Other agencies doing effective and powerful work in the world are able to communicate why people should make philanthropic investments and why people should join communities of mission. The ability to communicate effectively will support any ability a church may have to raise money or people. Too often, churches communicate in case-development and their self-descriptions are only aspirational hopes rather than the actual, truthful, measurable effectiveness they are able to prove in a particular place and time as a church. A communications plan, whether for a small church or a large church, is essential to support financial development and membership growth. Here is an outline of some key tasks in developing your case, regardless if it is for the raising of annual pledging, major gifts or a diocesan project:


  1. How to craft your campaign theme/slogan.
  2. Listen to God’s mission in which you are involved.
  3. Listen to people talk about your church’s ministry, mission, and impact.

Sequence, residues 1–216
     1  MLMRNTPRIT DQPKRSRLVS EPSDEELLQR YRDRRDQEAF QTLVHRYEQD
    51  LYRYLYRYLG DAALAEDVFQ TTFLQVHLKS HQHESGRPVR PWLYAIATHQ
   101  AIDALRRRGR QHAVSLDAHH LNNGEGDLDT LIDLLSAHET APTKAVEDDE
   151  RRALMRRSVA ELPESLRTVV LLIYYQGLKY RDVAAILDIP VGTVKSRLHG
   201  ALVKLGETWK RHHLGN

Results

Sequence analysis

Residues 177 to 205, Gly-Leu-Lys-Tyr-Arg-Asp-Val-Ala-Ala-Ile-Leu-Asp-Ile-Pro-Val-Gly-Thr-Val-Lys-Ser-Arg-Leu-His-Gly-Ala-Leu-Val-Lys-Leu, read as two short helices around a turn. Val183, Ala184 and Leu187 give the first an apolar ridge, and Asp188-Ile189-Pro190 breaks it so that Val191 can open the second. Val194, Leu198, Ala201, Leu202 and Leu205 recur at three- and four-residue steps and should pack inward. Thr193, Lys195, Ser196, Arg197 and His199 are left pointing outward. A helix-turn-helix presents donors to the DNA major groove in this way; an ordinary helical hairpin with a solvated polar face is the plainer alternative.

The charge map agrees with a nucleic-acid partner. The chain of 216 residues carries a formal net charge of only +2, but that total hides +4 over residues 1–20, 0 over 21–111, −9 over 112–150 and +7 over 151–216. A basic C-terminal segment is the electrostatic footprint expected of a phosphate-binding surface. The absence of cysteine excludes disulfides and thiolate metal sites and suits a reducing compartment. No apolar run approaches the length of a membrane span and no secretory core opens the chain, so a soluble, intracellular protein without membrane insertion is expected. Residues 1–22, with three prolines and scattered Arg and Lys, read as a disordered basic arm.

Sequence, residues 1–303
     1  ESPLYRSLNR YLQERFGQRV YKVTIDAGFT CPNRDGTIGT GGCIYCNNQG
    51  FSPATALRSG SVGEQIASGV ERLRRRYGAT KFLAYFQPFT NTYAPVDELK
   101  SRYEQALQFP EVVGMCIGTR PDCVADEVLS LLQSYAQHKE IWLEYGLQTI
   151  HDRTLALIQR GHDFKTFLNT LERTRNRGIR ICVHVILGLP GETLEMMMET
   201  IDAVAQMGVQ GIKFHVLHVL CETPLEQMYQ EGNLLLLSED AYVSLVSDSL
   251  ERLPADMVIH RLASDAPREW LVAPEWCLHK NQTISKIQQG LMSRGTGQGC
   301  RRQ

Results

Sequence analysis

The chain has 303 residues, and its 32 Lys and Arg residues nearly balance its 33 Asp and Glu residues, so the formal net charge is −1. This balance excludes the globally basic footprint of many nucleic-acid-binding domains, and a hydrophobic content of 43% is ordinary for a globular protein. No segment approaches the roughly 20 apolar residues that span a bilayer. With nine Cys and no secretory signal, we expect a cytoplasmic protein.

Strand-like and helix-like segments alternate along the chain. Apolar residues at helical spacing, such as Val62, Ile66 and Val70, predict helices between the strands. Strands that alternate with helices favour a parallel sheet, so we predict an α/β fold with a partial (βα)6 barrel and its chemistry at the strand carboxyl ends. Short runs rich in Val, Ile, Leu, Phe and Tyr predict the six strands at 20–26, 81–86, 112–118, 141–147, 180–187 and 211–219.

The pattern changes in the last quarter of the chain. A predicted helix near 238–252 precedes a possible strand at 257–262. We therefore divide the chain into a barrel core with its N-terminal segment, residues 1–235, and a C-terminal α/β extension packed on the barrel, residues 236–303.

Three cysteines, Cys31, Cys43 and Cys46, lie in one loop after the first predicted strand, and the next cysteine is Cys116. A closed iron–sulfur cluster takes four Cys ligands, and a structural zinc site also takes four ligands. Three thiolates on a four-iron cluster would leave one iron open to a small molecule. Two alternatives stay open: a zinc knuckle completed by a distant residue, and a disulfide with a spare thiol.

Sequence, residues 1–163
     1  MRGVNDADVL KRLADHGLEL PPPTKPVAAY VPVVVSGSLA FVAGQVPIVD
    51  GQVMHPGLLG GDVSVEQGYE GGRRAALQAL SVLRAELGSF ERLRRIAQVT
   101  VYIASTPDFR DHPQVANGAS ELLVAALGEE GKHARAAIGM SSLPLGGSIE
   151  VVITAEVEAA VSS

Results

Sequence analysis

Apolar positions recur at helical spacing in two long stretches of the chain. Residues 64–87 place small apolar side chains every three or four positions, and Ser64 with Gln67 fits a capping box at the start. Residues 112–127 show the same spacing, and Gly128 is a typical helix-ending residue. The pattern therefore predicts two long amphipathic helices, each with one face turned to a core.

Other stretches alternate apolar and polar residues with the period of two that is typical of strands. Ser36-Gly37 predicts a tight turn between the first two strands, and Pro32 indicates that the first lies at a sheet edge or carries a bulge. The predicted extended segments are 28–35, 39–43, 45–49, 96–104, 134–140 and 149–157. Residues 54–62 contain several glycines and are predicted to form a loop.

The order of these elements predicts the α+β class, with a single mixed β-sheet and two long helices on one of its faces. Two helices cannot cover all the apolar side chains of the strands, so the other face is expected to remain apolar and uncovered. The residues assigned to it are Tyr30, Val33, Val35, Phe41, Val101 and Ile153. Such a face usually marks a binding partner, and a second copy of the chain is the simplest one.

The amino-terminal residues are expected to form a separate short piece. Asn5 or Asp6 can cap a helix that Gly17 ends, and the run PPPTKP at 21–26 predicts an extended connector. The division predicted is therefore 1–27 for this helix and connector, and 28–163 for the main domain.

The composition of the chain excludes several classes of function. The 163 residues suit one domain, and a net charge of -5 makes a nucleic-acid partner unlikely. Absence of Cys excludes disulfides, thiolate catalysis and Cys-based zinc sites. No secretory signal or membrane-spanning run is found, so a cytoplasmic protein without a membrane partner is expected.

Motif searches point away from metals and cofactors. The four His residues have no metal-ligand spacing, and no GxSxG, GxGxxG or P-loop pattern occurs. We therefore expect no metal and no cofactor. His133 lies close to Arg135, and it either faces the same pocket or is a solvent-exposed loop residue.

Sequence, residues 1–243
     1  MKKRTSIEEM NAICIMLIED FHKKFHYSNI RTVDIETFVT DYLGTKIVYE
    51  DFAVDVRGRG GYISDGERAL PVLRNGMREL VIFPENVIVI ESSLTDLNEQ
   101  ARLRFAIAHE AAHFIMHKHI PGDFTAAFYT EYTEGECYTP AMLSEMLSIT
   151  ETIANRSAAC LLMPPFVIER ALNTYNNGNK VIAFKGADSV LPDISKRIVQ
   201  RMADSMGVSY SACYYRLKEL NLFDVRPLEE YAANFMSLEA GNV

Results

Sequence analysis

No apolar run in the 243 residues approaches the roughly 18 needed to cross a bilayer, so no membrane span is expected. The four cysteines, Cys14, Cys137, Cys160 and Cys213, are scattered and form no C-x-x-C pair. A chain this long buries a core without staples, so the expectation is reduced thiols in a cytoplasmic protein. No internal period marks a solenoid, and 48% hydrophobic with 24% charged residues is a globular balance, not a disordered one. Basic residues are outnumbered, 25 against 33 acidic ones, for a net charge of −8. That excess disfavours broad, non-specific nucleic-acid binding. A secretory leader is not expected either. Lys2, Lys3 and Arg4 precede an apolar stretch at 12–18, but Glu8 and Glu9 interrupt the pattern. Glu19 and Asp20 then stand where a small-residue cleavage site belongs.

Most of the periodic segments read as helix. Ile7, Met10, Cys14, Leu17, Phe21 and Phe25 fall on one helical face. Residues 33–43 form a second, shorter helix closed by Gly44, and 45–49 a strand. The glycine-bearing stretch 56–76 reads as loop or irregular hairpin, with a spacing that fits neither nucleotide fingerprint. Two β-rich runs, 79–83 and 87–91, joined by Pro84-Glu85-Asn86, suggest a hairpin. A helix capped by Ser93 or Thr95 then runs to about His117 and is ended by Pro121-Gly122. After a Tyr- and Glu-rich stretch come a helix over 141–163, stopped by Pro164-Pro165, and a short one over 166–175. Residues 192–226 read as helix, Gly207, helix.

4. Pray about the ability to hear a call to a theme.
  5. Look for the vision.
  6. Look for images.
  7. Host conversations
  8. What are you known for in the community?
  9. What do you want to be known for in the community?
  10. How does this intersect with what Jesus asks us to accomplish? (God’s Mission)

be funded.


  1. Discernment of your campaign theme:
  2. Schedule coffees, small group focus groups, brainstorming sessions, crock pot conversations, ect.
  3. Look for a quote from a hymn, a song, an ad, a ministry minute speaker, etc.
  4. Look at your life together right now. What is about to happen and how do you want that happening to be funded?


  1. Crafting the final decision about your case.
  2. Keep it simple and to one message.


  1. Use your message content: Communicate!
  2. Know your people.
  3. Keep an eye out for talent, and recruit, and thank and thank and thank.
  4. Cultivate volunteers the way you cultivate major gifts— relationships.
  5. Your brand is not your logo! Your brand is the combination of who people say you are and who you know you are. Do you deserve the money you think you want to raise?


Here are some questions which might inform the writing of your case-for-support.  Host events and creative-writing sessions which answer these questions and you will have all the materials you need for brochures, letters and sermons.


  1. What do we do that Jesus would recognize and love?
  2. What do we provide?
  3. How do we change lives?
  4. What results to society do we provide which make change?
  5. How has one life been changed by our mission?
  6. Why should a donor invest in this work?